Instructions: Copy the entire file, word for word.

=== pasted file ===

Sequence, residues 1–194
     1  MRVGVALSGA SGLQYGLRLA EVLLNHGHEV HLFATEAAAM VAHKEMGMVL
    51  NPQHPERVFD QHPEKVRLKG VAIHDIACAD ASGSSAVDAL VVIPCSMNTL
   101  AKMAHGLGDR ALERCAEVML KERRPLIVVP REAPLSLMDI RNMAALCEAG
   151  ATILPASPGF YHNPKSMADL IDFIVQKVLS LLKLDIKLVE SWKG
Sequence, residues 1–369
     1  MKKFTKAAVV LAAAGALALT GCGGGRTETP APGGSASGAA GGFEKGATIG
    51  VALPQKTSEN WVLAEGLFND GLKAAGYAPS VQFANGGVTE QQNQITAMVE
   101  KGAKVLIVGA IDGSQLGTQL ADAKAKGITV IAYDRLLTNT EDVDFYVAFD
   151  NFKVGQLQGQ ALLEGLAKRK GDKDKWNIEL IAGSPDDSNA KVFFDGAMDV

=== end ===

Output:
Sequence, residues 1–194
     1  MRVGVALSGA SGLQYGLRLA EVLLNHGHEV HLFATEAAAM VAHKEMGMVL
    51  NPQHPERVFD QHPEKVRLKG VAIHDIACAD ASGSSAVDAL VVIPCSMNTL
   101  AKMAHGLGDR ALERCAEVML KERRPLIVVP REAPLSLMDI RNMAALCEAG
   151  ATILPASPGF YHNPKSMADL IDFIVQKVLS LLKLDIKLVE SWKG
Sequence, residues 1–369
     1  MKKFTKAAVV LAAAGALALT GCGGGRTETP APGGSASGAA GGFEKGATIG
    51  VALPQKTSEN WVLAEGLFND GLKAAGYAPS VQFANGGVTE QQNQITAMVE
   101  KGAKVLIVGA IDGSQLGTQL ADAKAKGITV IAYDRLLTNT EDVDFYVAFD
   151  NFKVGQLQGQ ALLEGLAKRK GDKDKWNIEL IAGSPDDSNA KVFFDGAMDV